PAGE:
Introduction to this document

Capital investment proposal

Capital investment in new equipment or facilities is usually a significant sum. It could be funded from internal resources or it may require a new source. In either case, a well thought through proposal will ensure that you have considered all the angles properly. A capital investment proposal document will help pull all these elements together.

The financials

The factors you need to report on in your Capital Investment Proposal depend on economic circumstances, any competing needs for funding in the business and how critical the investment is to the company. For example, investing in a new production line for your top product may be more critical right now than adding new vehicles to your distribution fleet.

An investment will be feasible if the net returns on it are sufficient to repay the capital invested and any loan interest. You can use the NPV (net present value) to calculate the return on the investment in today’s money. To do this, you need to discount each cash inflow/outflow back to its present value (PV) using the following formula: Rt (1+i)t; where t is the time of the cash flow (e.g. 1 for one year later), i is the discount rate (e.g. 10%) and Rt is the net cash flow (the amount of cash, inflow minus outflow) at time t. You then sum the individual PVs to give the overall NPV of the investment. You do not need to discount any cash flows within the first year. You should only recommend an investment if it has a positive NPV.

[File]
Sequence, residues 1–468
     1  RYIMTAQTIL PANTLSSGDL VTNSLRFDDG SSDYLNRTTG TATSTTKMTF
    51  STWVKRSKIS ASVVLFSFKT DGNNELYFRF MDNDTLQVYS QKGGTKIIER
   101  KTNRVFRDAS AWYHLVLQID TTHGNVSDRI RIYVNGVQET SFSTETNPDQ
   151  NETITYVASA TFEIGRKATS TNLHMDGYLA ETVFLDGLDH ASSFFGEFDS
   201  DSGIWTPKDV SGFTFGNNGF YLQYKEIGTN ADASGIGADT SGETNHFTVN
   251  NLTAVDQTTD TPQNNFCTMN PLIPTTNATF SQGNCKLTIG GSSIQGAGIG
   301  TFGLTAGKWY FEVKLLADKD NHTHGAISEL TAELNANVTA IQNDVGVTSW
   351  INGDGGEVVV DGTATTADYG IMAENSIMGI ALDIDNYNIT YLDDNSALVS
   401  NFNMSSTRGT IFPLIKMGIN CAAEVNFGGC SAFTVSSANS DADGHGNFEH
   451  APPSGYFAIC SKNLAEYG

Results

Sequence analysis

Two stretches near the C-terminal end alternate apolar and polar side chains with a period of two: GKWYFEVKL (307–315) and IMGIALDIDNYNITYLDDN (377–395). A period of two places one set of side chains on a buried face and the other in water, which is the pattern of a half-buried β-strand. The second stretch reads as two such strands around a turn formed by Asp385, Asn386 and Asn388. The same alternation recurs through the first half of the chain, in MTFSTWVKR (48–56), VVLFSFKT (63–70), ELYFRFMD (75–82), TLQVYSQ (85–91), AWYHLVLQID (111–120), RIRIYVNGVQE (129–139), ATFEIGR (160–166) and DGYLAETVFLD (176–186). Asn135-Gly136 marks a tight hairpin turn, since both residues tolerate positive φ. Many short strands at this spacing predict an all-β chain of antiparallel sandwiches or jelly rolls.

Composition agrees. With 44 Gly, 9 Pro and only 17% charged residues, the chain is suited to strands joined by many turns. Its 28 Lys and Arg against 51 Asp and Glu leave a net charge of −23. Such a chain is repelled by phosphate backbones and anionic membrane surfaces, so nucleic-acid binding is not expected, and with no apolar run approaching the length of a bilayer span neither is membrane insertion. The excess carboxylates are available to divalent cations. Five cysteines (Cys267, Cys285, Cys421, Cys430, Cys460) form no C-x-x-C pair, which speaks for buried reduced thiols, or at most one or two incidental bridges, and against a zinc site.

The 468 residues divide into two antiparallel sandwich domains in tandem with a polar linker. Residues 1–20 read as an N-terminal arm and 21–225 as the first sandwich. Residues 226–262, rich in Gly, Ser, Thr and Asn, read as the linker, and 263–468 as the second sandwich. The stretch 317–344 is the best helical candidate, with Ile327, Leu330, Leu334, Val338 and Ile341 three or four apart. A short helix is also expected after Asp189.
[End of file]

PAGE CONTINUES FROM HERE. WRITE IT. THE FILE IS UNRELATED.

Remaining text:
Include in your proposal a calculation of the investment’s NPV based on future cash flows. To be acceptable, the NPV should be greater than zero. Supplement this by explaining the business need and risks involved. Sheet 2 of our capital investment proposal gives an example of such an NPV presentation.

Other information

In addition to the financial information and analysis, you will need to add narrative in your capital investment proposal to justify it, particularly where external funding is required. You should describe: (1) the business need that the capital investment is expected to satisfy; (2) any dependencies with other capital equipment, for example, a new production line may require alterations to factory layout; (3) any resources that would be required for implementation, for example, deploying your maintenance team for installation; and (4) any risks related to the capital investment project, for example, what level of sales is required for a new production line to break even.